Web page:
Quantity vs quality: keeping America’s doctors back with MU regulations

I read the following post on Saturday over at TheHill.com.  I have to quote from the article here because it’s such a perfect setup for what so many doctors feel about meaningful use/MU.  Warning:  possible ravings of a complete lunatic coming at the end.

“Small medical practices warned Congress on Thursday that health information technology risks being less than useless if it’s designed to meet bureaucrats’ arbitrary standards rather than the needs of doctors and patients.

Testifying at a House Small Business healthcare subcommittee hearing, the CEO of HIT Services company Ingenix said cost isn’t the main reason physician’s offices are struggling to make the switch to paperless. Rather, Andy Slavitt testified, the “purchase and design of technology (…) have taken a back burner to all of the compliance reporting requirements” needed to qualify for federal incentive payments.

“Today,” Slavitt said in written testimony, “the end-users, doctors and patients, are further away than ever from system design, because new product development is focused on satisfying those regulatory hurdles, rather than on simple innovations that improve productivity.”

I could not agree more.  The U.S. federal government, in the form of HHS and CMS, is basically hijacking the doctor-patient relationship by giving doctors extra steps to do during office visits.  The way I see it, if CMS and HHS are so hellbent on puppetmastering the show and making doctors into mere data-reporting automatons — which, I have to tell you, PQRI reporting felt an aweful lot like — then I suggest that they take an even fuller responsibility for providing the healthcare to the patient themselves.  After all, what do they need doctors for if they can practically write the script for the visit?  With the increasing number of MU requirements that have to be incorporated into each visit — to basically “help” doctors “do a better job” — it begs the question “Where will it end?”.  Is it much different from an organized crime boss telling me, “Do this… or we’ll hurt you?”    As MU progresses into stages 2 and 3 — I’ve said it before and I’ll say it again — I can’t wait to find out what my CMS-participating peers will end up dealing with.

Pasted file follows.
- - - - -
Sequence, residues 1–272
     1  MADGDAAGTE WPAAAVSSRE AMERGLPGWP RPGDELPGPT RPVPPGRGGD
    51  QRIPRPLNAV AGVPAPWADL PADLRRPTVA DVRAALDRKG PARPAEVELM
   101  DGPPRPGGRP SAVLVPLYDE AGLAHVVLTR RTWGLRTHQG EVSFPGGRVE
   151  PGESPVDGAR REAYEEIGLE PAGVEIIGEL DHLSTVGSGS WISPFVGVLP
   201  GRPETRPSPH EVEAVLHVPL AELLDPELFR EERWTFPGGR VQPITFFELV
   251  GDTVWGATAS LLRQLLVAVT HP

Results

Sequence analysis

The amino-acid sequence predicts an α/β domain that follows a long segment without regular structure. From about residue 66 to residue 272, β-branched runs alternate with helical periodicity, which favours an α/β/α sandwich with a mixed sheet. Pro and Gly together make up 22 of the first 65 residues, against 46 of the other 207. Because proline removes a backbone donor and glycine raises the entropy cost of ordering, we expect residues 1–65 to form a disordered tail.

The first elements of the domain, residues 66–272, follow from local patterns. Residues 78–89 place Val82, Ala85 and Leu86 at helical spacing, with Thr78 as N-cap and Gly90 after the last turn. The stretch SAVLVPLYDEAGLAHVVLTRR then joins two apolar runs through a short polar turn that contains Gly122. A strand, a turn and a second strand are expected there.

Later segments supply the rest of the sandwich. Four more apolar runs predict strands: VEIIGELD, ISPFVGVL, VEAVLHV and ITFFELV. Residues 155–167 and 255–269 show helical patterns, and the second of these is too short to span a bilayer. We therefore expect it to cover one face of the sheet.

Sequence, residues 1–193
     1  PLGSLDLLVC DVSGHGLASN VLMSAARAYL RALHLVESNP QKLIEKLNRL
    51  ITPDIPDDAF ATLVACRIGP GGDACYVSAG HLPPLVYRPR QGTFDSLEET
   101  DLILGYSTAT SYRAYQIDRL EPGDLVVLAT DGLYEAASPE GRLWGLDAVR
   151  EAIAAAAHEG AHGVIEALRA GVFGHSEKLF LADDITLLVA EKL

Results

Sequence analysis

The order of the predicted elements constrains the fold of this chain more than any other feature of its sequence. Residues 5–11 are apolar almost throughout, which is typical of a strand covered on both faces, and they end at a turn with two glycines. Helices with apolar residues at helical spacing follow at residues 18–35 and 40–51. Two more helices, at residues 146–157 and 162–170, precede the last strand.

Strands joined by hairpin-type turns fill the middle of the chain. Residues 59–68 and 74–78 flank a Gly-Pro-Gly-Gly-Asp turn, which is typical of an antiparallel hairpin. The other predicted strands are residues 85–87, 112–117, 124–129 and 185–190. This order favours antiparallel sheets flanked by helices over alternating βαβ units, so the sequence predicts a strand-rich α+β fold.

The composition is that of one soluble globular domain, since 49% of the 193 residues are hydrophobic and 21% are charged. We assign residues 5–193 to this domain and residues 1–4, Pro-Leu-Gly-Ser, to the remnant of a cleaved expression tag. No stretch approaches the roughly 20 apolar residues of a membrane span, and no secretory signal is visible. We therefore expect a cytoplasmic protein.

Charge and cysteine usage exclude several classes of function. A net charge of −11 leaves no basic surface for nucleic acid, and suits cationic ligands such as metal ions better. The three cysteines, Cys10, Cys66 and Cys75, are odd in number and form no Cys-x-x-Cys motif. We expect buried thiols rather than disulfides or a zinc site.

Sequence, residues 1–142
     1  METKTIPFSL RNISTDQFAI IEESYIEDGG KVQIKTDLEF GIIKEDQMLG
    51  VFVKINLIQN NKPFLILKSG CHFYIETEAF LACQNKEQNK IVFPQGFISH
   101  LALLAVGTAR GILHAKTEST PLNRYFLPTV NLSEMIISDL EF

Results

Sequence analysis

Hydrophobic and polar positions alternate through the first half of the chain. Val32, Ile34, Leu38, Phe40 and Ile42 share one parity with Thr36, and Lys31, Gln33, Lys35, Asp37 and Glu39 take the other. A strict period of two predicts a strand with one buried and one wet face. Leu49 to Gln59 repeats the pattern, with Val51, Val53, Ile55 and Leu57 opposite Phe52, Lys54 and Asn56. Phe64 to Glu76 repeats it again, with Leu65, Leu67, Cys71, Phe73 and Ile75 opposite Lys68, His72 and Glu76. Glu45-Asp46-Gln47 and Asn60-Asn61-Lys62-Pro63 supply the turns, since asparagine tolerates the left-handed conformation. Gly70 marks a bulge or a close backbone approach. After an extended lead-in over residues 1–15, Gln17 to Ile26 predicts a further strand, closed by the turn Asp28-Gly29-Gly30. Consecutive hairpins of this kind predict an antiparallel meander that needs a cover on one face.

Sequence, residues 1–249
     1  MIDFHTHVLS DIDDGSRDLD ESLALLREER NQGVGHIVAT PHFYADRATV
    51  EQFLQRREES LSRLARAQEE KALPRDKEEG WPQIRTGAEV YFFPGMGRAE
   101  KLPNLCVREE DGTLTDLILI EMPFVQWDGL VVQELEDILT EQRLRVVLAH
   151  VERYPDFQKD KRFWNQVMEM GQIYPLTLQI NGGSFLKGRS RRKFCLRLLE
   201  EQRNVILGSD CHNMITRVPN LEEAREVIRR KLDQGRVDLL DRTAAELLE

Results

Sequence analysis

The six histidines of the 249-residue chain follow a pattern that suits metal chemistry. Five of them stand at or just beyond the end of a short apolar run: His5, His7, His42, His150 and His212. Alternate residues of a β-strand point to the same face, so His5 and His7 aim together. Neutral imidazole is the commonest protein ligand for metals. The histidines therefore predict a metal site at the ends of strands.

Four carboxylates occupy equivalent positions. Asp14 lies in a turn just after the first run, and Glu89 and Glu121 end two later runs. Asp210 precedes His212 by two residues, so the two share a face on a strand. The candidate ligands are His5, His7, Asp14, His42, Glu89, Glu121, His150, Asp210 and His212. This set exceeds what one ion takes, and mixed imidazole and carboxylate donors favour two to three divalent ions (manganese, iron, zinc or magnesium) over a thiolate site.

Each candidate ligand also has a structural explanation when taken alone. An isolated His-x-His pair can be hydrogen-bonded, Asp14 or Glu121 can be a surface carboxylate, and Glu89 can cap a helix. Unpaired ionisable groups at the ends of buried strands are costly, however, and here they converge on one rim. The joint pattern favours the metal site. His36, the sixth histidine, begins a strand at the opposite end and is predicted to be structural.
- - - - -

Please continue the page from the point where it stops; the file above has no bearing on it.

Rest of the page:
It all reminds me that I didn’t go to medical school because I wanted to become a data collector for Uncle Sam.  Call me old fashioned, but I actually like having enough time to to listen to why the patient really came to see me today.  However, for the government, apparently, the numbers are more important.

Dr. West is an endocrinologist in private practice in Washington, DC. He completed fellowship training in Endocrinology and Metabolism at the Johns Hopkins University School of Medicine. Dr. West opened The Washington Endocrine Clinic, PLLC, as a solo practice in 2009.  He can be reached at doctorwestindc@gmail.com.

June 7, 2011 I Written By

Dr. West is an endocrinologist in private practice in Washington, DC. He completed fellowship training in Endocrinology and Metabolism at the Johns Hopkins University School of Medicine. Dr. West opened The Washington Endocrine Clinic, PLLC in 2009. He can be contacted at doctorwestindc@gmail.com.